A diet low in omega-3 fatty acids has been associated with depression and children may benefit from increasing foods rich in these.[31,32]

Vitamin D

Low vitamin D may be associated with depression.[33,34] 

Environmental toxins 

Consider the impact of accumulation of environmental factors when reviewing children and mood. Lead and mercury levels are particularly associated with depression, anger and anxiety.[35]

Gene variants

Increasing research demonstrates associations between gene variants, or single nucleotide polymorphisms (SNPs), and mental health concerns. Reviewing SNPs associated with biochemical pathways or systems may aid the prioritisation and initiation of further pathology testing where required.

The genes that may be useful to review in children with mood concerns include: 

GUT-brain axis

Gene

Name

Association

FUT2

Fucosyltransferase 2

Associated with bacterial attachment to intestinal mucosa; gastrointestinal diversity and vitamin B12 absorption.

HLADQ2/DQ8

Human Leukocyte Antigen

Associated with gluten intolerance. There may be an association between gluten intolerance and mood such as anxiety and depression.36,37

Fatty acids and brain function

Gene

Name

Association

BDNF

Brain-derived neurotrophic factor

Involved in neuroplasticity. Lower BDNF activity is associated with increased risk of mood dysfunction and depression.

FADS1

Fatty acid desaturase 1

Involved in omega-6 and omega-3 fatty acid metabolism.

Neurotransmitter synthesis

Gene

Name

Association

MAO

Monoamine oxidase A

Involved in the metabolism of neurotransmitters dopamine, serotonin and noradrenalin. It is associated with aggression and anxiety.

COMT

Catechol-o-methyl transferase

Involved in metabolism of catecholamine such as dopamine, adrenalin, noradrenaline. May be associated with altered levels of these neurotransmitters and influence anxiety and depression.

GAD1

Glutamic acid decarboxylase 1

Involved in the conversion of glutamate an excitatory neurotransmitter to gamma-aminobutyric acid, an inhibitory neurotransmitter. May be associated with mood related disorders.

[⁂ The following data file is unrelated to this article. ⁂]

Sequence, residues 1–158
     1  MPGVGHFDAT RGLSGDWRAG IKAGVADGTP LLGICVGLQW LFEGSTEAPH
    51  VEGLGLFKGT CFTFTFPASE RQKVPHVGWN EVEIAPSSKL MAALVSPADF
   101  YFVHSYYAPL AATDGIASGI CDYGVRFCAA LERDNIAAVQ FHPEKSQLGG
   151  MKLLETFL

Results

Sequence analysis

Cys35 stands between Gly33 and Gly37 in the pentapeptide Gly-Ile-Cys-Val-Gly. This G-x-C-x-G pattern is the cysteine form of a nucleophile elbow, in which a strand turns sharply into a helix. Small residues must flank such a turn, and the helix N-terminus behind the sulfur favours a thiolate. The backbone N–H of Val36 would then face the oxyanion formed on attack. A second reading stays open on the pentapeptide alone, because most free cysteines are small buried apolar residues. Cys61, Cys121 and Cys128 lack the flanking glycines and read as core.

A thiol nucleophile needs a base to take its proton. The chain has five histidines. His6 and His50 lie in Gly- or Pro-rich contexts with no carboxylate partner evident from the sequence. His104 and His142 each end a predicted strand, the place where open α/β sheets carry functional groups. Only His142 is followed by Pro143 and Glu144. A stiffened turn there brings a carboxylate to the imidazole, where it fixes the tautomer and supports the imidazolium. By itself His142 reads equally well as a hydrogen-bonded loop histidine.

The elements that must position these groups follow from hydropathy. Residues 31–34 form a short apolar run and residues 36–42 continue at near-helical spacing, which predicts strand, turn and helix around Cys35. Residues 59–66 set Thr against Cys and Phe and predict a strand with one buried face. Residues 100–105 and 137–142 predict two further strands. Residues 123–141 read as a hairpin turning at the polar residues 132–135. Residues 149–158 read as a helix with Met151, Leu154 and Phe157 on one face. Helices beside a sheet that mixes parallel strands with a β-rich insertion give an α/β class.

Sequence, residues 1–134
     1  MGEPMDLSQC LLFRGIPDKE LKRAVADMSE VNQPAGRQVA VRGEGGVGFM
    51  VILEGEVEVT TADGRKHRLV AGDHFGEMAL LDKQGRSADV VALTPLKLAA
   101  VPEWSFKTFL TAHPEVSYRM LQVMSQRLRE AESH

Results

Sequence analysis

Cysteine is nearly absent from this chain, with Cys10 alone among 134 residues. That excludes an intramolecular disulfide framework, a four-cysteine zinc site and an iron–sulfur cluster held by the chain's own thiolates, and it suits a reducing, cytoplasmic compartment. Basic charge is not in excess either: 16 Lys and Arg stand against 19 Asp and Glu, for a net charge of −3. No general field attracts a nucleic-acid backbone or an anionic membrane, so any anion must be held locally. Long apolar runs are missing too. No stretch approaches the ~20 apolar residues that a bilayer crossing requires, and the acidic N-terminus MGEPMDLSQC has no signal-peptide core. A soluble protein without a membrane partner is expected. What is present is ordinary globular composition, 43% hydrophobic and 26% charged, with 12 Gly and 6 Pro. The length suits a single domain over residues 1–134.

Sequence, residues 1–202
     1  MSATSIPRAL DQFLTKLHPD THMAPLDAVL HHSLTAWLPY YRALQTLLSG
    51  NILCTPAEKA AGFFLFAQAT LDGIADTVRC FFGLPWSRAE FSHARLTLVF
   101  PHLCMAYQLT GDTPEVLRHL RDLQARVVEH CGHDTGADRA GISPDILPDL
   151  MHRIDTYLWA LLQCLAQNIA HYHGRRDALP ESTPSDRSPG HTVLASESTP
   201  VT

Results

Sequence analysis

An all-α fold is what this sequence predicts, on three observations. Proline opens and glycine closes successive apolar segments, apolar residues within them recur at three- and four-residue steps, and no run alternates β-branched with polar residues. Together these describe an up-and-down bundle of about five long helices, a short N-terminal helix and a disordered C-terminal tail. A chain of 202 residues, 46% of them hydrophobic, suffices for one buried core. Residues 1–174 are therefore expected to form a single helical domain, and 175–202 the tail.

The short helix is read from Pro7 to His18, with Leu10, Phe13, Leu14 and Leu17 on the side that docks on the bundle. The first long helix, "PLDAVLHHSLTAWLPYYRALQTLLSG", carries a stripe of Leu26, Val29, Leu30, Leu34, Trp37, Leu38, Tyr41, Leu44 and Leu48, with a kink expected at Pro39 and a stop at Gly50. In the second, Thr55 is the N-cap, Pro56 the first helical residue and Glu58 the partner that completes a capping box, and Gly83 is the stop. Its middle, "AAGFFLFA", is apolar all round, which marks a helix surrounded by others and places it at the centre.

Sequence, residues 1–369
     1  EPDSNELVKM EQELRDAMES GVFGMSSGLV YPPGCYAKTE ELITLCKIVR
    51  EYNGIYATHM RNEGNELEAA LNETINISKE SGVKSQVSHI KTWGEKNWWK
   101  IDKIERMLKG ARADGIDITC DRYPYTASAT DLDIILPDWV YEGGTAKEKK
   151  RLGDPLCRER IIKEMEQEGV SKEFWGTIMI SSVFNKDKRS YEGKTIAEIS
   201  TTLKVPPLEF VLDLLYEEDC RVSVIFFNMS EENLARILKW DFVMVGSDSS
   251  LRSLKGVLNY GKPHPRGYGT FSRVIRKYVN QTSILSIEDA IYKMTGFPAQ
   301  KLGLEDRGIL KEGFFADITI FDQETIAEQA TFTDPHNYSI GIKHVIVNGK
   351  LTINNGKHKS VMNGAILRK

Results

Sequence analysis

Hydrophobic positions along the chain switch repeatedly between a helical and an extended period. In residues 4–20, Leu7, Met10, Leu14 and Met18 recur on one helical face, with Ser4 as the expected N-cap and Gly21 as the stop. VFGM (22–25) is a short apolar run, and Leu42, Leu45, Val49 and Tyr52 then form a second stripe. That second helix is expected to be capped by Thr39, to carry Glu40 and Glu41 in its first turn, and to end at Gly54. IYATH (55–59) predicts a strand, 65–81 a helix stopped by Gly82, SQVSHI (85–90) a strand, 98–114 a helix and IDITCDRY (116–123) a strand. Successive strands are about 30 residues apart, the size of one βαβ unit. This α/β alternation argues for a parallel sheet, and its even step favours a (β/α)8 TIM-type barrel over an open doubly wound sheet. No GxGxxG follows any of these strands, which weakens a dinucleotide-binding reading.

AANAT

Serotonin N-acetyltransferase

Involved in the synthesis of melatonin and may be associated with delayed sleep onset. 

DAO

Diamine oxidase

Involved in the degradation of histamine.

Methylation

Gene

Name

Association

MTHFR

Methylenetetrahydrofolate reductase

Converts folate to methylfolate. Provides the methyl group needed to convert homocysteine to methionine.  Methionine is required for the production of SAMe, important for neurotransmitter production and synthesis.

Detoxification

Gene

Name

Association

GSTP1

Glutathione S-transferase P1

Involved in phase II detoxification and may play a role in the detoxification of harmful substances including modifying methylmercury metabolism.38

Nutrients

Gene

Name

Association

FUT2

Fucosyltransferase 2

Associated with bacterial attachment to intestinal mucosa; gastrointestinal diversity and vitamin B12 absorption.

TCN2

Transcobalamin 2

Associated with binding to vitamin B12 and transporting into cells.

PEMT

Phosphatidylethanolamine N-methyltransferase 

Involved in enzyme that catalyses phosphatidylethanolamine to phosphatidylcholine.  Low choline is associated with anxiety.

VDR

Vitamin D receptor

Binds to an active form of vitamin D and facilitates its function. 

Mood concerns in children have a number of possible aetiologies and as part of a naturopathic and functional medicine approach, all of these aspects should be explored for optimal health outcomes for children.

References

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  2. Carabotti M, Scirocco A, Maselli MA, et al. The Gut-brain axis: interactions between enteric microbiota, central and enteric nervous systems.  Ann Gastroenterol. 2015 Apr-Jun; 28(2):203-209. [Full Text]
     
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Lisa_McDonald's picture
Lisa McDonald

Lisa is a qualified clinical Naturopath with a special interest in nutrigenomics, methylation, MTHFR, chronic fatigue, mental health, gut health and biotoxin/mould illness (Chronic Inflammatory Response Syndrome - CIRS).

Following her Naturopathic qualification, Lisa completed further study with Seeking Health Institute, MTHFR Support Australia, GAPS and Fitgenes. Lisa also holds a Psychology degree and a Masters of Management. Presently, Lisa is completing Dr Richie Shoemaker’s Physician Certification program in Chronic Inflammatory Response Syndrome (CIRS) (mold/biotoxin illness) as well as qualifications in Nutritional and Environmental Medicine with ACNEM.

Currently, Lisa holds a position on the board of ARONAH (Australian Register of Naturopaths and Herbalists) whilst also running her clinical practice in Sydney. You can find Lisa at www.indigosagehealth.com.au